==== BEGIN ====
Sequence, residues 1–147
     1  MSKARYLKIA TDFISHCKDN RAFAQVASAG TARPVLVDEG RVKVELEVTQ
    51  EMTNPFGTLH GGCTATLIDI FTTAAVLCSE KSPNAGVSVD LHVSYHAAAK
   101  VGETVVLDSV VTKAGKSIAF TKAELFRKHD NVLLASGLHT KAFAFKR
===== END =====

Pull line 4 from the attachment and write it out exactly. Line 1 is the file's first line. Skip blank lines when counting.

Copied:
   101  VGETVVLDSV VTKAGKSIAF TKAELFRKHD NVLLASGLHT KAFAFKR